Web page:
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What Is Psychiatry and How Is It Different From Psychotherapy?

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Psychiatry. If you’ve heard the term before, you might be wondering what it is and how it’s different from therapy. While both psychiatry and therapy focus on helping people improve their mental health, they are not one and the same. Here, we’ll answer some common questions about psychiatry to help you understand the differences between the two practices. 

What is psychiatry?

Psychiatry is the branch of medicine focused on the diagnosis, treatment, and prevention of mental, emotional, and behavioral disorders. Because it’s a medical specialty, psychiatry can only be practiced by psychiatrists and psychiatric nurse practitioners. Psychiatrists are medical doctors who have earned the credentials M.D. (Doctor of Medicine), or D.O. (Doctor of Osteopathic Medicine). They can prescribe medication and perform a full range of medical laboratory and psychological tests to help them evaluate, diagnose, and treat their patients. 

How is psychiatry different from therapy? 

Therapy can involve a range of different non-medical treatments, such as behavior therapy and cognitive therapy. These techniques aim to help people identify and change troubling emotions, thoughts, and behaviors. While therapists are licensed professionals, they’re not medical doctors and therefore can’t prescribe medication.

Both psychiatrists and licensed therapists can diagnose and treat mental health conditions. The big difference to keep in mind is that psychiatrists can provide medical treatment and administer and monitor medication.  

Psychiatrists often prescribe medications in combination with therapy to help make treatment more effective. The types of medications prescribed by psychiatrists depend on the diagnosis and medical history of the patient they’re treating. Some common mental health medications include antidepressants, anti-anxiety medications, stimulants, antipsychotics, and mood stabilizers. 

Do psychiatric providers also provide psychotherapy? 

Along with prescribing and monitoring medication, psychiatric providers often provide brief psychotherapy during psychiatric appointments. Typically, this is supportive psychotherapy or problem-solving therapy.  It’s common for a psychiatric provider to recommend additional standard psychotherapy (one hour per week with a different psychotherapist) in order to more fully treat a person’s symptoms. Some psychiatric providers may offer other psychiatric treatments in addition to medication management and brief psychotherapy. Talk to your therapist or mental health professional to learn more about psychiatric treatments. 

Why do people need psychiatry services or psychiatry support?

Therapy alone can do wonders to improve mental health, but sometimes people need a little more support. If a therapist or other mental health professional thinks you can benefit from medication or medical treatment, they’ll refer you to a psychiatric provider for evaluation. Then, your therapist or mental health professional and psychiatric provider will often work together on a treatment plan that’s right for your specific diagnosis and needs.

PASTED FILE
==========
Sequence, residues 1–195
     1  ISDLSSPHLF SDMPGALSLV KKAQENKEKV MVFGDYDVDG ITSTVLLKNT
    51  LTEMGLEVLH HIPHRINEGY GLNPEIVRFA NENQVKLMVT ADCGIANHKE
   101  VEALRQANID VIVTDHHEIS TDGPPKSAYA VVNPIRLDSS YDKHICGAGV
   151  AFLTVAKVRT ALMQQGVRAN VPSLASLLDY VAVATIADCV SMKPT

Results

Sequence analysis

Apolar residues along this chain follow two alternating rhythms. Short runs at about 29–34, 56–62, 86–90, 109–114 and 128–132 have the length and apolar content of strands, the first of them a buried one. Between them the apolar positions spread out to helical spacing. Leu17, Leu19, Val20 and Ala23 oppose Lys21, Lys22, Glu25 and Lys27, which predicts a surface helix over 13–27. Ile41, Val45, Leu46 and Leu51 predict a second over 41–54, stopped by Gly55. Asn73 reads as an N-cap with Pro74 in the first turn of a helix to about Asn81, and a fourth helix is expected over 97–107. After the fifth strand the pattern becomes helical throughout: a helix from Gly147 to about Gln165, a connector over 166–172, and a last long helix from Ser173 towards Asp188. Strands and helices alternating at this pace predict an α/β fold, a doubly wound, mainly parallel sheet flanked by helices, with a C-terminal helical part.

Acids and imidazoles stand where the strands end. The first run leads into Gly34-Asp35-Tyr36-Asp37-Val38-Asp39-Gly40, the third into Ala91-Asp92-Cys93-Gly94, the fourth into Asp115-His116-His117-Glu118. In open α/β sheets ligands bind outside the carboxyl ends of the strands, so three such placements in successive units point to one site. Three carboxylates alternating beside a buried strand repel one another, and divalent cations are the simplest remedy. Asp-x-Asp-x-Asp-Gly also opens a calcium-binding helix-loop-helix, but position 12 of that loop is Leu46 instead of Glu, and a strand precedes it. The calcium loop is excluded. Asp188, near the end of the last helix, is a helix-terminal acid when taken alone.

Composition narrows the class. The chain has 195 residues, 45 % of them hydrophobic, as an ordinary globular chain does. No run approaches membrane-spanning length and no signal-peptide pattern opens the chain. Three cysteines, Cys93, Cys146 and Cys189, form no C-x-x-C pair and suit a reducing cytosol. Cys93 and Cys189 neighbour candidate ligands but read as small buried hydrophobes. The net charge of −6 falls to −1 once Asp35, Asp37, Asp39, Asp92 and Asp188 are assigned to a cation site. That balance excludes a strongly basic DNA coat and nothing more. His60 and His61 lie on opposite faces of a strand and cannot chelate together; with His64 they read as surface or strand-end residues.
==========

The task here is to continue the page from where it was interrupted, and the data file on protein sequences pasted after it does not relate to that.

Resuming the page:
You can also see a psychiatric provider directly, without going to therapy first. Some people may only want medication management to treat their mental health condition, and that’s okay. On the other hand, many people benefit from just therapy alone, or from a combination of therapy and medication.  

Wondering if seeing a therapist or psychiatrist is right for you? Consider these questions to ask your therapist to help you find the right mental health professional for you.

Last Updated:
Published:
First Published:
June 21, 2022

Sources:

American Psychiatric Association. (n.d.). What is psychiatry?   https://psychiatry.org/patients-families/what-is-psychiatry

American Psychological Association. (2009). Different approaches to psychotherapy. https://www.apa.org/topics/psychotherapy/approaches

American Psychological Association. (2017, July). What is the difference between psychologists, psychiatrists and social workers? 

https://www.apa.org/ptsd-guideline/patients-and-families/psychotherapy-professionals

Campbell, I. (2020, September 24). Medication management for mental health. Sage Neuroscience Center. https://sageclinic.org/blog/medication-management/

Cleveland Clinic. (2022, January 24). Mental health disorders. https://my.clevelandclinic.org/health/diseases/22295-mental-health-disorders#management-and-treatment

Mayo Clinic. (n.d.). Psychotherapy. https://www.mayoclinic.org/tests-procedures/psychotherapy/about/pac-20384616 

National Alliance on Mental Illness. (n.d.). Mental health medications. https://www.nami.org/About-Mental-Illness/Treatments/Mental-Health-Medications

National Alliance on Mental Illness. (2015, March). Psychosocial treatmentshttps://www.nami.org/NAMI/media/NAMI-Media/Images/FactSheets/Psychosocial-Treatments-FS.pdf

National Institute of Mental Health. (2016, October). Mental health medications. https://www.nimh.nih.gov/health/topics/mental-health-medications

National Institute of Mental Health. (2021, June). Psychotherapies. https://www.nimh.nih.gov/health/topics/psychotherapies

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